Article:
Malaysia

The former British colony of Malaya (now Malaysia) gained its independence on August 31, 1957. However, this was based on a deal by the Malay elites represented by the conservative United Malay National Organisation (UMNO) and Chinese and Indian capitalist classes with British colonialism. This deal preserved the privileges of the Malay elite.

Ten years earlier in 1947, a different vision of independence based on popular democratic participation and multi-ethnic solidarity came together in the “People’s Constitution”.

The Refugee Action Collective organised a public meeting on November 7, addressed by Harry Wicks, who had worked as a carpenter at the Nauru detention centre and Bernard, a Malaysian who has done volunteer work at refugee camps in Malaysia.

Wicks said that Nauru, a small island with a population of 10,000 people, has a 90% unemployment rate.

Sydney University campus came alive with political discussion, talks and workshops for three days during the Socialism for the 21st Century Conference, held over May 13–15.

The conference had more than 30 sessions and 50 speakers, including international special guests Marta Harnecker, Michael Lebowitz and Ian Angus. Local and international activists shared their experiences of struggle and discussed the necessity of building alternatives to capitalism today. Up to 400 conference-goers faced the task of choosing from a range of stimulating sessions on offer.

Australian environmental campaigner Natalie Lowrey has been released after spending five days in a Malaysian prison. She was arrested in Kuantan, Malaysia on June 22 after participating in a protest against Australian company Lynas.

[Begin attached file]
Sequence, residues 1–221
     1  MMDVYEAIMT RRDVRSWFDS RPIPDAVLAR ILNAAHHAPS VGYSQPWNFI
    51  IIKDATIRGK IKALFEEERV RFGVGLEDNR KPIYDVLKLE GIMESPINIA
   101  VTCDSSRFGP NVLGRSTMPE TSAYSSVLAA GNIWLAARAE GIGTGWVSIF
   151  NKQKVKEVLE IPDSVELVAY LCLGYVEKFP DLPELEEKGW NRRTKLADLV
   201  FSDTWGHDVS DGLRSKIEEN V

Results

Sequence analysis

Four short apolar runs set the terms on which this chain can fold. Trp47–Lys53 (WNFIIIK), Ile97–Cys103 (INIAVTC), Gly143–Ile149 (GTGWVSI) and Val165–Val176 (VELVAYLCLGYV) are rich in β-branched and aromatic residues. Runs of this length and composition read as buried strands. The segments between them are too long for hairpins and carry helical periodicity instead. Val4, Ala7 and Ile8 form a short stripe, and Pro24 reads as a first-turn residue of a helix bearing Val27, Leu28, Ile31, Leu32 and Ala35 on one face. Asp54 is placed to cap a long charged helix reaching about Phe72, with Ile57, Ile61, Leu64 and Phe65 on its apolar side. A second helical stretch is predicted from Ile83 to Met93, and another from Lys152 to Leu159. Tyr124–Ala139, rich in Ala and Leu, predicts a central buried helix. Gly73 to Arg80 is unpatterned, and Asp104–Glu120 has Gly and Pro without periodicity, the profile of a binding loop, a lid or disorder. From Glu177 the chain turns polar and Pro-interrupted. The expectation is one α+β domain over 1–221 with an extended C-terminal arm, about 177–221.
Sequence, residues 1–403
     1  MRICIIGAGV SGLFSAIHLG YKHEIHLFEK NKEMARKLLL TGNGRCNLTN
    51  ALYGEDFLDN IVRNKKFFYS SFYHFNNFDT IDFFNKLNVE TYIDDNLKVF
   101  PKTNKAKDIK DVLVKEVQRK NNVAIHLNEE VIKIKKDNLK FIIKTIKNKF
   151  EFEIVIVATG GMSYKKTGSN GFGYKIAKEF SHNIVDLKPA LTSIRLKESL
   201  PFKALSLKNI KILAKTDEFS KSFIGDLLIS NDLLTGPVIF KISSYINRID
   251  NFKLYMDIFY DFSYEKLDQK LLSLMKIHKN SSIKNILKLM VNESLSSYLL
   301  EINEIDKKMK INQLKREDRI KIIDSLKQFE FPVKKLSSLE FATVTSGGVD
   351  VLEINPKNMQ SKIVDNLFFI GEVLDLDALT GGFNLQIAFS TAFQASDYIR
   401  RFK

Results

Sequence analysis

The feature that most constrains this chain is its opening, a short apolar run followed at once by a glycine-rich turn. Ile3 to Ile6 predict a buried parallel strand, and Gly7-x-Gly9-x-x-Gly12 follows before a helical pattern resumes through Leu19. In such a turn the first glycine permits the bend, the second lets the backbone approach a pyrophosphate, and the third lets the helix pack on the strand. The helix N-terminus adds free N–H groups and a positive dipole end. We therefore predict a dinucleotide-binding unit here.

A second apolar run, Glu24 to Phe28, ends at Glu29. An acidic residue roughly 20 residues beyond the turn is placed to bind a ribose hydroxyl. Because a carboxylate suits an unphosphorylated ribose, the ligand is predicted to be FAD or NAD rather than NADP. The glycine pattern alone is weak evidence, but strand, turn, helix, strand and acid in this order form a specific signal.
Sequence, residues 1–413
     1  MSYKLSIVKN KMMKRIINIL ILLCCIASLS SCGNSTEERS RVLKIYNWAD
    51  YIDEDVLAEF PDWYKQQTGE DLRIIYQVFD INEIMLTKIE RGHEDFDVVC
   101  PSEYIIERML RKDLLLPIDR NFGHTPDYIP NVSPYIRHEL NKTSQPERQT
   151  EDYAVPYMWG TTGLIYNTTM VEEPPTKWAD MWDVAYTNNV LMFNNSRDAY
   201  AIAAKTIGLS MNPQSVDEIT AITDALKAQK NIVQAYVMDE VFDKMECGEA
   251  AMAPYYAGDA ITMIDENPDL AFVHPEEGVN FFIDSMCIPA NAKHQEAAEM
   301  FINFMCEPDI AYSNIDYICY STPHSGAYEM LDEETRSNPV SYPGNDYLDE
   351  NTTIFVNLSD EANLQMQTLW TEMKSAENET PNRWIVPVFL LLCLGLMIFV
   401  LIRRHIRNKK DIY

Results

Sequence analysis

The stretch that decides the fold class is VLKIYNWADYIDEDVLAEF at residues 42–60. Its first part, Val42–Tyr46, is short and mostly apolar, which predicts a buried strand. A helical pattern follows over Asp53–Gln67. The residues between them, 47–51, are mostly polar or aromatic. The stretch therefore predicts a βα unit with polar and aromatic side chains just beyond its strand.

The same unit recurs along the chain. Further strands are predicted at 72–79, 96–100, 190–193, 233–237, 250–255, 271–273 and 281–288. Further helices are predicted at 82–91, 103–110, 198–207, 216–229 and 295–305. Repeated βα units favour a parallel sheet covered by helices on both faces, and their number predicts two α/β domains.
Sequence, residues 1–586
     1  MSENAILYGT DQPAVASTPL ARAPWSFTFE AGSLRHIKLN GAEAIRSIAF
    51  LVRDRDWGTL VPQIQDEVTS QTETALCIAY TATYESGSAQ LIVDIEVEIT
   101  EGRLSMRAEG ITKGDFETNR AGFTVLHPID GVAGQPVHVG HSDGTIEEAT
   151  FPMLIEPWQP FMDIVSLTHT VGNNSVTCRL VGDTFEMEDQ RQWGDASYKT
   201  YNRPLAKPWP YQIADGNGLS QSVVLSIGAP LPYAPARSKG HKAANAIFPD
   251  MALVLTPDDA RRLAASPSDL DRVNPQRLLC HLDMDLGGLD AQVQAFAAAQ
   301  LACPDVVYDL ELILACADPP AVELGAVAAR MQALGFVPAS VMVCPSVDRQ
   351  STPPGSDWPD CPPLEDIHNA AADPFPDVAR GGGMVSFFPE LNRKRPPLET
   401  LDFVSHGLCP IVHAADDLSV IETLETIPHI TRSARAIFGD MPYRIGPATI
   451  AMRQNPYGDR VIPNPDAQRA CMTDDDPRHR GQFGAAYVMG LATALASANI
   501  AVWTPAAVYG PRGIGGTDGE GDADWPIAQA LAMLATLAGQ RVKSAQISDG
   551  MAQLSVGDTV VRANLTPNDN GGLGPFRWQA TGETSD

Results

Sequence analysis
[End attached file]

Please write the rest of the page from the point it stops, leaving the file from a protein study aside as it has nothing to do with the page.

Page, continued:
A petition for her release gained 15,000 signatures and protests calling for her release were held in Sydney, Perth and Alice Springs.

The “Shut Lynas Down” protest was organised by the Green Assembly, a Malaysian environment movement protesting Lynas’ polluting rare earths processing plant.

The 2012 Resistance conference, in Adelaide July 20-22, will feature international guests including from CLASSE in Quebec (the largest and most radical student organisation leading massive student strikes); the Socialist Party of Malaysia (hugely involved in the Bersih democracy uprising); and from the brave Palestinian People's Party.

Petty politicking over whether refugees should be illegally deported to Malaysia or to Nauru forced the Australian government to abandon its policy of “offshore processing” of refugees on October 13.

Since the “Tampa election” in 2001, competition between the two main parties over who can most mistreat the small number of refugees arriving in Australia by boat has been at the centre of Australian electoral politics.

Subscribe to Malaysia